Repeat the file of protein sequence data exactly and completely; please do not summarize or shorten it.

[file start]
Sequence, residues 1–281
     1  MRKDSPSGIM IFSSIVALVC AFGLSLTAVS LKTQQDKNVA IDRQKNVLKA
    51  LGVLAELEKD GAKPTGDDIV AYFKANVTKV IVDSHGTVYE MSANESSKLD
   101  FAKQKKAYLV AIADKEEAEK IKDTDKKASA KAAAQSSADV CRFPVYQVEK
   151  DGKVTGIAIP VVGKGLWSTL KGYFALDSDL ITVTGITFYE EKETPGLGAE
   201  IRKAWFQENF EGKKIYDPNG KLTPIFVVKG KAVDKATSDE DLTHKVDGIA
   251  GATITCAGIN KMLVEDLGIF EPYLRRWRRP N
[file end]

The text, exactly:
Sequence, residues 1–281
     1  MRKDSPSGIM IFSSIVALVC AFGLSLTAVS LKTQQDKNVA IDRQKNVLKA
    51  LGVLAELEKD GAKPTGDDIV AYFKANVTKV IVDSHGTVYE MSANESSKLD
   101  FAKQKKAYLV AIADKEEAEK IKDTDKKASA KAAAQSSADV CRFPVYQVEK
   151  DGKVTGIAIP VVGKGLWSTL KGYFALDSDL ITVTGITFYE EKETPGLGAE
   201  IRKAWFQENF EGKKIYDPNG KLTPIFVVKG KAVDKATSDE DLTHKVDGIA
   251  GATITCAGIN KMLVEDLGIF EPYLRRWRRP N